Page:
The Union Labour and Employment Ministry released the draft Social Security Code, 2018, version 2.0. The code aims to reframe the existing social security architecture by replacing as many as 15 laws with a single but integrated labour code. The laws to be replaced include the Employees’ Provident Fund and Misc Provisions Act, 1952, the Employees’ State Insurance Act, 1948, the Maternity Benefit Act, 1961, and the Payment of Gratuity Act, 1972.
The existing social security laws largely exclude unorganized sector workers which constitute over 90% of the total labour force. Therefore, the current architecture is not only structurally complex and opaque but also very limited in its reach. The draft labour code aims to simplify, rationalize and consolidate multiple social security laws into one single code which will have higher coverage, easier understanding and better enforcement.
What will replace UAN
The code aims to bring both organized as well unorganized sector workers under the same social security net via a common registration platform which implies the present concepts of the IP (of ESIC), UAN (of EPFO), and UWIN (of Unorganized Worker’s Act) will merge into one identity called the VIKAS (Viswakarma Karmik Suraksha Khata).
Who will be covered by the Labour Code
The Code prescribes for registration of all kind of employers including the commercial establishments, households employing domestic labour, contractors as well as own-account-enterprise. This is a dramatic change from the current coverage of the EPF which only applies to companies employing more than 20 workers.
Who will manage the social security funds
There will be state-specific social security funds. These will be managed by a social security board for each state and union territory.
The workers at the time of registration shall be classified into four categories (SEC I, II, III, IV) based on their socio-economic status. As per the classification envisaged in the Code, Sec IV category is the most deprived section of the society while Sec-I has the strongest socio-economic status.
Contributions to be paid by employers and workers under the Social Security Code
- The code lays down the maximum contribution payable by the employer is capped at 17.5% of the monthly income upto the wage ceiling. The wage ceiling will be set by the Central Government from time to time. For instance, the wage ceiling under the EPF Act, 1952 for the purposes of pension payment has been set at Rs 15,000 per month. The maximum pensionable salary is Rs 15,000 even if your actual salary is higher.
- In addition to that, the employer needs to pay 2% of the wage as a contribution to the state gratuity fund. The contribution towards the gratuity fund would remain in the name of the employer until the actual disbursement of the funds to an eligible employee. This is different from the current gratuity system under the Payment of Gratuity Act which mandates the purchase of insurance policies from LIC to fund gratuity obligations under the Act.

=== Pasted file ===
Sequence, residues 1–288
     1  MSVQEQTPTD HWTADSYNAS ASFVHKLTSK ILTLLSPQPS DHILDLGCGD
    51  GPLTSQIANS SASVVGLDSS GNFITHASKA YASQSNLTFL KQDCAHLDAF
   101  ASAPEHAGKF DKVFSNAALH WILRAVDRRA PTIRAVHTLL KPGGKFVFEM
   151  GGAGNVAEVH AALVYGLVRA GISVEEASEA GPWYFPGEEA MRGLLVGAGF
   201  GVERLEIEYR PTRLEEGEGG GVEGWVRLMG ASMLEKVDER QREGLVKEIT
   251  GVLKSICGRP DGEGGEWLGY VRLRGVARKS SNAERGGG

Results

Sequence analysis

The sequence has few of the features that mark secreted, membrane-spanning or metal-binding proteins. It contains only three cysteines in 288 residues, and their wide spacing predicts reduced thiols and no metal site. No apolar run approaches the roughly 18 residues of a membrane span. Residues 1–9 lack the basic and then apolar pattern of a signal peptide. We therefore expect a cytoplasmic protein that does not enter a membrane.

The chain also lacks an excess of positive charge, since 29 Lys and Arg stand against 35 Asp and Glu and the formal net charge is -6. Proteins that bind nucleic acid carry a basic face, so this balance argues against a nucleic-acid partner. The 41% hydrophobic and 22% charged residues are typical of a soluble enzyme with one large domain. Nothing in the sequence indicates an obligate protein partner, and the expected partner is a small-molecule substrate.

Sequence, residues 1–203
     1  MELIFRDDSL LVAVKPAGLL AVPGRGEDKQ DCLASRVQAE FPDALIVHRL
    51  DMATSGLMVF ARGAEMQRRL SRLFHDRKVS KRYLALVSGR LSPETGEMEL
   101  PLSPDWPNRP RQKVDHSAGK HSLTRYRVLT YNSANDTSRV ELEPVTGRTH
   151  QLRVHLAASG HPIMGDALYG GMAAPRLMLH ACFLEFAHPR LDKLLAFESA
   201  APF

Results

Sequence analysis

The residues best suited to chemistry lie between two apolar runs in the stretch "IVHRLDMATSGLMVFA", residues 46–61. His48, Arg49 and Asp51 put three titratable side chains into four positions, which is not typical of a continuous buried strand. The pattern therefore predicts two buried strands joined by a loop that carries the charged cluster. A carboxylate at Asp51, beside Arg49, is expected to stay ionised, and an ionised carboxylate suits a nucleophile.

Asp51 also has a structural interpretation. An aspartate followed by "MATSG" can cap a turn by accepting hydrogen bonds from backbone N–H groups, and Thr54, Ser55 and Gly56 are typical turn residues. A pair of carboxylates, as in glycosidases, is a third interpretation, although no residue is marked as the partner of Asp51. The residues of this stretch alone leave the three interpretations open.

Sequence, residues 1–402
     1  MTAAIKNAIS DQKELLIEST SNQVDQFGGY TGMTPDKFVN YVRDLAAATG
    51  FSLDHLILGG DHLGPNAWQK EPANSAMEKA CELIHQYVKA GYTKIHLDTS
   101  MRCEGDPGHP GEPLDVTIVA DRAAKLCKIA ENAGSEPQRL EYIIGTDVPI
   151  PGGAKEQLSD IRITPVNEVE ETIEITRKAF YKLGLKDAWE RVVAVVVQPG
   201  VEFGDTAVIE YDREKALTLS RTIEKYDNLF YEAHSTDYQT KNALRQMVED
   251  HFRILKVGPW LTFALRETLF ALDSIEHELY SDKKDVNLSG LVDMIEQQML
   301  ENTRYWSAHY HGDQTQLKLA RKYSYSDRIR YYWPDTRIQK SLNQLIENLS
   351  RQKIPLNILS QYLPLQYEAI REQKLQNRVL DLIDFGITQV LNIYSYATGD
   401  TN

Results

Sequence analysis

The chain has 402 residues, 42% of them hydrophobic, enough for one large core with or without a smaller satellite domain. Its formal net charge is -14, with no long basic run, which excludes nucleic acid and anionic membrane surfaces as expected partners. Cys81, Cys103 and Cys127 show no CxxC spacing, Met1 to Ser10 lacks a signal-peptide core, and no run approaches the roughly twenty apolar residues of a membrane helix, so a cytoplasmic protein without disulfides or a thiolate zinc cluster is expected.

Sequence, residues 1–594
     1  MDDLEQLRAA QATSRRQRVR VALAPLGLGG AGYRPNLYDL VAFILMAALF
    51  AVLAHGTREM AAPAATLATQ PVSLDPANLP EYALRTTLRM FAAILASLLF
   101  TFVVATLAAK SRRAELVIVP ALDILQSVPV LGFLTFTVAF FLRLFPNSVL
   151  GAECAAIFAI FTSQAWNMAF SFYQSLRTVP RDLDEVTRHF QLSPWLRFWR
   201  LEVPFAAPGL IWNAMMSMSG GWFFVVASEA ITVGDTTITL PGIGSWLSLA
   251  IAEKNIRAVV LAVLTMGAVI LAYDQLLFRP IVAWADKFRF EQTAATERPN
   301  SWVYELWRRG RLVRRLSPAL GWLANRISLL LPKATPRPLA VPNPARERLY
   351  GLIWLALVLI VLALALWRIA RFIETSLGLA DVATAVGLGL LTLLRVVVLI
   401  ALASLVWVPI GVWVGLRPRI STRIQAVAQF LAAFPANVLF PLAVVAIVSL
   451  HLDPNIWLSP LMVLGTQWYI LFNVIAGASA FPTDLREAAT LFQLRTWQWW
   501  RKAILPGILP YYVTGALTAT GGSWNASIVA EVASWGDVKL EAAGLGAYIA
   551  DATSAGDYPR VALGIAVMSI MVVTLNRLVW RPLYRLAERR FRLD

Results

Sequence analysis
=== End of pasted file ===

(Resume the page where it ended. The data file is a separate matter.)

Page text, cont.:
- However, it is to be noted that the employer needs to make a consolidated contribution to the State Social Security Fund. He does not have to bifurcate his contributions scheme-wise. The employer’s contribution once received in the State SS Fund, will be credited in the name of each individuals worker account called VIKAS.
- The VIKAS account shall act as an escrow account for each worker, & from this account, subscription amount as per each scheme will be debited and credited into the scheme fund.
- The employee’s contribution is also limited to a maximum rate of 12.5% of monthly income. However, if the employee belongs to SEC-IV category, the employee contribution would be zero. This category applies to the underprivileged segment of workers but the exact definition is not laid down in the code. In case of SEC IV employees, only the employer needs to contribute. It is expected that the government will contribute on behalf of the employee belonging to SEC-IV category.
- A non-employee (own-account-worker/ owner cum worker) belonging to SEC-III category will need to contribute 20% of the minimum wages determined towards the social security fund.
- A non-employee of the SEC I or II categories, shall contribute as follows:
20% of (i) monthly income or wage ceiling whichever is lower;
or (ii) national minimum wage; whichever is higher.
- Interestingly, there is a provision for providing social assistance to persons who can not be covered under the regular contributory schemes. The person will be registered under ‘Special Registration’ and through the funds received from the state government, social assistance to such person shall be provided.
- Contributions are to be paid on monthly basis. However, for easier compliance, households, as well as own account workers, have the option to make a consolidated contribution for the quarter, semester etc.
- Administrative charges need to be paid by the employer. However, the manner of calculation of such charges has slightly changed as compared to the current EPF system. Instead of a certain percentage of wage, the administrative charged to be paid shall be calculated as a prescribed percentage (capped at 4%) of the contributions.